At the end of “Threshold,” Nancy chooses her path for the future. After realizing that she wasn’t ready to be Dave’s rebound after his wife’s death, and with a significant sum of tobacco-company money in a bank account, Nancy hatches a plan to live a simple and stable existence operating a classy, modern marijuana boutique. It’s a compelling plan, winning over a skeptical Silas, and it sets the rest of the season in motion as strikes out to retire to the same life she was trying to leave behind when the season began.
However, while Nancy’s decision provides a clear structure for the rest of the season, it implodes what was built thus far. She unceremoniously quits her job with the pharmaceutical company (with Silas losing his job earlier in the episode for trying to steal his plants to help develop his own grow operation), undoing a fairly considerable story thread. I hate to sound like a broken record, but the way the season is comfortable just tossing out entire storylines in favor of a shiny new narrative has proven wholly unsatisfying. Perhaps one could argue it’s consistent with Nancy’s character given how often she has floated from one thing to another, but she used to float with purpose, and for clear reasons.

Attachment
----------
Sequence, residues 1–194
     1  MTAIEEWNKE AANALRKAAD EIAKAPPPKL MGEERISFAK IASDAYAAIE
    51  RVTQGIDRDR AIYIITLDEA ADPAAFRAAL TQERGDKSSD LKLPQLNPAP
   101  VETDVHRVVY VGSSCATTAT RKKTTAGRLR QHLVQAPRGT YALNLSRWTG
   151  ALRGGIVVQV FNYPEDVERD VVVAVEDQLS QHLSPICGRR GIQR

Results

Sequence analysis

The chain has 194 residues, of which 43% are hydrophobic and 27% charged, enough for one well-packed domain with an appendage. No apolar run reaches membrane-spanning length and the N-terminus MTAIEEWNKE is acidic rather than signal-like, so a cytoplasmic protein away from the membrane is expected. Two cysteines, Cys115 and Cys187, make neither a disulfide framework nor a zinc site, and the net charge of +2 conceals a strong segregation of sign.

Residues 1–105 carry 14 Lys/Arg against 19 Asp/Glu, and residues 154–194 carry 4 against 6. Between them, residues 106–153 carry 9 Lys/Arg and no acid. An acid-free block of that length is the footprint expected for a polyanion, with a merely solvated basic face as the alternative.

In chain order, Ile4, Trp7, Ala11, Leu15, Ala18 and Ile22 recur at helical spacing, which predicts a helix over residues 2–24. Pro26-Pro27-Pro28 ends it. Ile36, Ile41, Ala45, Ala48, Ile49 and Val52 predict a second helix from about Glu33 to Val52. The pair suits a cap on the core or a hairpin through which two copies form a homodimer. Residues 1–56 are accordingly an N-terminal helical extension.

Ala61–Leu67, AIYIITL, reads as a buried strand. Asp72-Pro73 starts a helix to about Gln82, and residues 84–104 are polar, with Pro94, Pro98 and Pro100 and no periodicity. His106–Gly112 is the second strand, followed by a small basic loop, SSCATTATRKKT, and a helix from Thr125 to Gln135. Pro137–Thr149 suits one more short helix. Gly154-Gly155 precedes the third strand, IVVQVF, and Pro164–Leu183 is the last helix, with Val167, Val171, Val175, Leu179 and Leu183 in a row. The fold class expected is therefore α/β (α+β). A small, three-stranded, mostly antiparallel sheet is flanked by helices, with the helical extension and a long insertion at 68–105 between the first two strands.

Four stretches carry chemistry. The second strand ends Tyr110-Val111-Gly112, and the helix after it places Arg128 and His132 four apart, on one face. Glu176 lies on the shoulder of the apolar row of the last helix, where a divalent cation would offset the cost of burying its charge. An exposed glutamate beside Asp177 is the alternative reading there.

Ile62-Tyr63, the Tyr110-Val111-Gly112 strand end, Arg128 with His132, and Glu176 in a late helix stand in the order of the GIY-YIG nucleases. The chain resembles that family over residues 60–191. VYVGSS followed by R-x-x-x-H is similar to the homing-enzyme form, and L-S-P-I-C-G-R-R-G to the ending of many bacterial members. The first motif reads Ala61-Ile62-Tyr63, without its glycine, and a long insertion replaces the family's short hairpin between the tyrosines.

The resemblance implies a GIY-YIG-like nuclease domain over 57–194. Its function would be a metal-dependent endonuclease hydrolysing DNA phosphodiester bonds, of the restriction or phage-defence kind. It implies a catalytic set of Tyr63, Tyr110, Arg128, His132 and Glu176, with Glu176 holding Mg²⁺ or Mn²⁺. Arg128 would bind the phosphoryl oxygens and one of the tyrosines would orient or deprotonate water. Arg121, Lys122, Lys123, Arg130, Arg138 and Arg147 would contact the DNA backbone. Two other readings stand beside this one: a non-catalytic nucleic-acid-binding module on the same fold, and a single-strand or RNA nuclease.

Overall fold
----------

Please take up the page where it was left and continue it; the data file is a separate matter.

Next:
This is not to say that Mary-Louise Parker isn’t doing some interesting work, as her performance at the dinner party highlights the tension Nancy feels when living anything close to a normal existence. I do think there’s a thread running through Nancy’s arc regarding her inability to live a normal life: She wants to return to the suburbs, she wants to bring stability to her family, but she can’t do it through normal jobs or through a typical relationship. Rabbi Dave is trying to piece his life back together in the wake of his wife’s death, and Nancy is in a similarly reconstructive phase after her near-death experience. When she begins to understand how recently Dave lost his wife, and how it reflected her own grieving process after Judah (whose memory has loomed large this season), Nancy realizes that she’s not exactly prepared to be a part of the reconstruction of someone else’s life. It leads Nancy to tell Dave she’s a pot dealer, a reclamation of self that she intends to use to put her life back together.